Tampering with the minutes of meetings? Believe it or not, it happens!

By Anton Kelly

Sectional title schemes are mini democracies. The Sectional Titles Act and prescribed rules codify the principles of the common law of co-ownership. One of those principles is that one owner can’t do anything with the shared property without the agreement of the other co-owners, which is why anything that fundamentally affects the common property in sectional title schemes must be approved by a unanimous resolution. Examples are the sale of common property and the granting of registered exclusive use rights over portions of the common property.

Obviously there has to be a lower level of consensus for other matters, otherwise nothing would ever get done. These lesser matters, some of which are nevertheless very important to the wellbeing of the scheme, are decided at meetings.  As with any other meeting the decisions must be recorded and they are recorded in the minutes of the meetings. The legislators viewed this record as so important that they provided that the minutes of meetings in a sectional title scheme must be kept for ever! Well, for as long as the scheme is in existence, anyway.

One of the advantages of the trustee system in sectional titles schemes is that willing members usually undertake the usually unpaid and often quite onerous responsibilities for the day to day running of the scheme and the trustees often change each year. One of the disadvantages of the system is that “political” factions can develop and members of these factions complain bitterly about the efforts of the other faction when it is in power. When the rotation eventually takes place, decisions taken during the previous year are reversed or the record is simply changed. Yes, minutes of meetings are changed to reflect something other than the decision that was democratically taken. Apparently, there is even tampering with formal minute books with numbered pages into which the written records of the meetings are glued.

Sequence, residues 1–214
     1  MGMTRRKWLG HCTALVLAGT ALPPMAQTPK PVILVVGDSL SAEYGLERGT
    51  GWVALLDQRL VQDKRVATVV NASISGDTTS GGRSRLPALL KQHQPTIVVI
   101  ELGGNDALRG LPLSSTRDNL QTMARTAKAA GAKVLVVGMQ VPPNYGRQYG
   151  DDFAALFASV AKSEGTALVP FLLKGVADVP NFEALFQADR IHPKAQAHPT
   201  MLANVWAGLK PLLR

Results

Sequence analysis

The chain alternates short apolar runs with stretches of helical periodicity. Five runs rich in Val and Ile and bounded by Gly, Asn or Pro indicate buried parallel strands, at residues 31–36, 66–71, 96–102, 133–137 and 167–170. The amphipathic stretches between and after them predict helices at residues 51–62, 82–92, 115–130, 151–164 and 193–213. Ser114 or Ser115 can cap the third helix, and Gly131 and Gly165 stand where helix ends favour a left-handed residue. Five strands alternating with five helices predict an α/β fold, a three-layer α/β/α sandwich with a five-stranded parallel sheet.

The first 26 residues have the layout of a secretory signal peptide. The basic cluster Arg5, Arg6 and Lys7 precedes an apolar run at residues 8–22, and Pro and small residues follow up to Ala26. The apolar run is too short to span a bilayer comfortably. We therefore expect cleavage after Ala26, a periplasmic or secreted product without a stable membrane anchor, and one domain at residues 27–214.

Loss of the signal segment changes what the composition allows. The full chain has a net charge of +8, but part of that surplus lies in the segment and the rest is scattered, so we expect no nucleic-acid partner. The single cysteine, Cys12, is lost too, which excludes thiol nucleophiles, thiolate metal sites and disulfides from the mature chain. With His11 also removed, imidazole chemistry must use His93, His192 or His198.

Modern legislation combined with modern technology provides a solution to this problem. The Electronic Communications and Transactions Act provides that information required to be in writing may be transmitted and stored in digital format. The digital record must be secure and capable of being relatively easily accessed for reference. This satisfies the Sectional Titles Act’s requirement that minutes be kept “in perpetuity”.

The most common types of documents used for this type of record include Microsoft Word documents and those in Adobe Portable Document Format (PDFs). Both can be secured by password protection, stored in more than one place and easily distributed when required.

Courtesy: Paddocks

Anton Kelly is the course instructor of the University of Cape Town (Law@Work) Sectional Title Meetings short course. Next course starts, 16 September 2013. For more information please visit www.Paddocks.co.za

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